By Dave Kiffer
April 11, 2007
A mother and her two kids were trying to get a breakfast meal, but the machine taking credit cards was down. The kids were fussing and the mother was irritated.
"Can you take a check?" she asked the counter person.
No, the restaurant no longer takes checks.
Ok, she said, I guess I can go to the ATM.
But most of the ATMs were down too. She was out of luck.
For about 15 hours that week, Ketchikan crashed back to the "Stone Age" of the communications world.
With both cell phone service and internet down because of a problem at Tolstoi Mountain on Prince of Wales, an awful lot of folks were left with the modern equivalent of two tin cans and a piece of string.
I first noticed the "failure to communicate" when I tried to log on for a last check of sports scores around 11 pm the night before. The computer wouldn't let me get on the internet. But since knowing whether or not the Dodgers had won a spring training game wasn't a matter of life or death (a regular season game would be a different matter!). I just unplugged and went to bed.
The next morning, when I went to check my various email accounts, I got the same "lack of access." This was a bit more of a concern, but after all it was Friday and little work gets done by anyone in town that day anyway.
After getting to work, I noticed that the internet access was still off. This was getting to be a bummer because a day without surfing the informational web is truly like a day without sunshine. I would have to - horrors - turn on the TV to find out what was going on it the world.
Oddly, enough several cable channels were also down. Had the world been wiped out in a nuclear holocaust and it just hadn't reached Ketchikan yet?
You laugh, but you have admit that everything that happens in the real world seems to take 10 years to get here!
But my communications troubles paled in comparison to those who rely on the their cell phones for everything from important family messages to wiping their bottoms after bowel movements (I jest, but only slightly).
All over Ketchikan people were holding their personal communicators up to the ears and shouting loudly and - shock and awe - no one was listening.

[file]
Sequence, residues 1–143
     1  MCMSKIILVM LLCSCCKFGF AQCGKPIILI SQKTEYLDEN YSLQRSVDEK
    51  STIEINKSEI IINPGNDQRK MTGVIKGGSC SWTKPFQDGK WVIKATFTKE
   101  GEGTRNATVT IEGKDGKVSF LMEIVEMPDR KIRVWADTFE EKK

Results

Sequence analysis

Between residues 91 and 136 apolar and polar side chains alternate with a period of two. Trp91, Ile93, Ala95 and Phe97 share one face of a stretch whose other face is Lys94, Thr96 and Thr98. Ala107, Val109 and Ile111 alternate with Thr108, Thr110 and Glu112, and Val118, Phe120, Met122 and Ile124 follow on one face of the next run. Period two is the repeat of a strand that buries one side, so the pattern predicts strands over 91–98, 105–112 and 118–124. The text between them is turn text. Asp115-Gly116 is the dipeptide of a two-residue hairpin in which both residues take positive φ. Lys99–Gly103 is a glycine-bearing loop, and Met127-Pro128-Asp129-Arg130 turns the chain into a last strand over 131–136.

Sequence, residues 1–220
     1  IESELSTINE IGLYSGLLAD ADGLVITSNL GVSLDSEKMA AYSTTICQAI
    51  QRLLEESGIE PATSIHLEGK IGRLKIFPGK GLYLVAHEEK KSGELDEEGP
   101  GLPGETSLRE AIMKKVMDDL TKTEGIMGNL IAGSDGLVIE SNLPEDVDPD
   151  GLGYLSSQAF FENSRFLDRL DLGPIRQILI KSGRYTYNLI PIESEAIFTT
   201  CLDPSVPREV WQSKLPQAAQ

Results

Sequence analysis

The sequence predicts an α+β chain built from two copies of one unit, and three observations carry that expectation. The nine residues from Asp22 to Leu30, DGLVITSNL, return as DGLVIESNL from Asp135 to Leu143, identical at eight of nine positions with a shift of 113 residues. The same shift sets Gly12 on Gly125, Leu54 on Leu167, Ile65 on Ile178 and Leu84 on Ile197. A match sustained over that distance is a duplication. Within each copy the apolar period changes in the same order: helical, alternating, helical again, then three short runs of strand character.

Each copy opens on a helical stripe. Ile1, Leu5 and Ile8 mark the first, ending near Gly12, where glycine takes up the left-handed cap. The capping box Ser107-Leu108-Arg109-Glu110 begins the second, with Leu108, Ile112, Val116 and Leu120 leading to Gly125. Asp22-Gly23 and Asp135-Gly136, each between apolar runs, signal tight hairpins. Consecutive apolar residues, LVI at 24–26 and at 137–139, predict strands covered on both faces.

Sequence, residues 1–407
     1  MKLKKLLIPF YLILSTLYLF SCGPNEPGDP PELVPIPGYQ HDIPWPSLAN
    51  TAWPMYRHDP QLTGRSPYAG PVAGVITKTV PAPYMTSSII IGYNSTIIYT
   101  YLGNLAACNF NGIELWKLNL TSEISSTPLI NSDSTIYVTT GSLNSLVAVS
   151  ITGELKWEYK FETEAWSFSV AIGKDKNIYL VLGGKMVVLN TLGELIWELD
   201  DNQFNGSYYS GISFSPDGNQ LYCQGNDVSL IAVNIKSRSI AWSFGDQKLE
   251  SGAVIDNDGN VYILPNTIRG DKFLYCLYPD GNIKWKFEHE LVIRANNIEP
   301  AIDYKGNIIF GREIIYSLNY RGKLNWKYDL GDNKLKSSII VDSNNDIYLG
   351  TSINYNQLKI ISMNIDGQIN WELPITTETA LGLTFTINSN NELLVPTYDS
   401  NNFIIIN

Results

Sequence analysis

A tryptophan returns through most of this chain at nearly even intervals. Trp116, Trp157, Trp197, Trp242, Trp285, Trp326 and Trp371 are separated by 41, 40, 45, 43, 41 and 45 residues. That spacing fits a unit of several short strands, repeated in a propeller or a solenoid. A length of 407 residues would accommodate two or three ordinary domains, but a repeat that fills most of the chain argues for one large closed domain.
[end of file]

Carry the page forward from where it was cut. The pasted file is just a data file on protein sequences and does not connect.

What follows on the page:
This was especially galling up at the high school.
"Like, I actually had to talk to the people I was with rather than someone else across the room," said one Kayhi student.
"Like, I mean really, I couldn't text anybody, anything, you know," said another. "It was the worst."
Yes, it was. People were actually forced to use a - shudder - land line that was actually attached to something. No more "rapping and roaming."
This was most noticeable amongst our driving community. It is a matter of course that everyone driving a car in Ketchikan must be talking on their cell phone to somebody. I believe it is currently required in state law.
It's actually a matter of honor.
If you are not "important" enough to be talking to someone on your cell phone while you are driving then "shame on you" The fact that all the unbiased studies show this form of "multitasking" is remarkably dangerous only serves to heighten the "Indiana Jones" aspect of the daring-doo-doo.
So even though the cell phone service was down for the day, people still drove around with their "cells" plastered to their ears, listening to static, pretending to talk to someone else.
I suppose it's not their fault. I heard a rumor a while back that the time honored tradition of "ten and two" in Drivers Ed was being changed.
You remember when you'd be tooling around the driver's ed car and the teacher would remind you put your hands back on the wheel a the 10 o'clock and 2 o'clock positions?
I can hear Clarke Cochrane's voice.
"Ten and Two, Mr. Kiffer. Ten and Two."
That was usually followed by "And stop leaning into the corners, this isn't a motorcycle!"
But I digress.
Anyway, the new admonition reportedly is "Right hand on the wheel, left hand on your ear."
Might as well get them used to it.
Fortunately, by around 2 pm, "communications" had been restored and things were back to normal.
Credit cards were being run up.
Cubicle denizens were surfing at work.
And people were "declaiming and driving" once again.
Ketchikan was back in the modern
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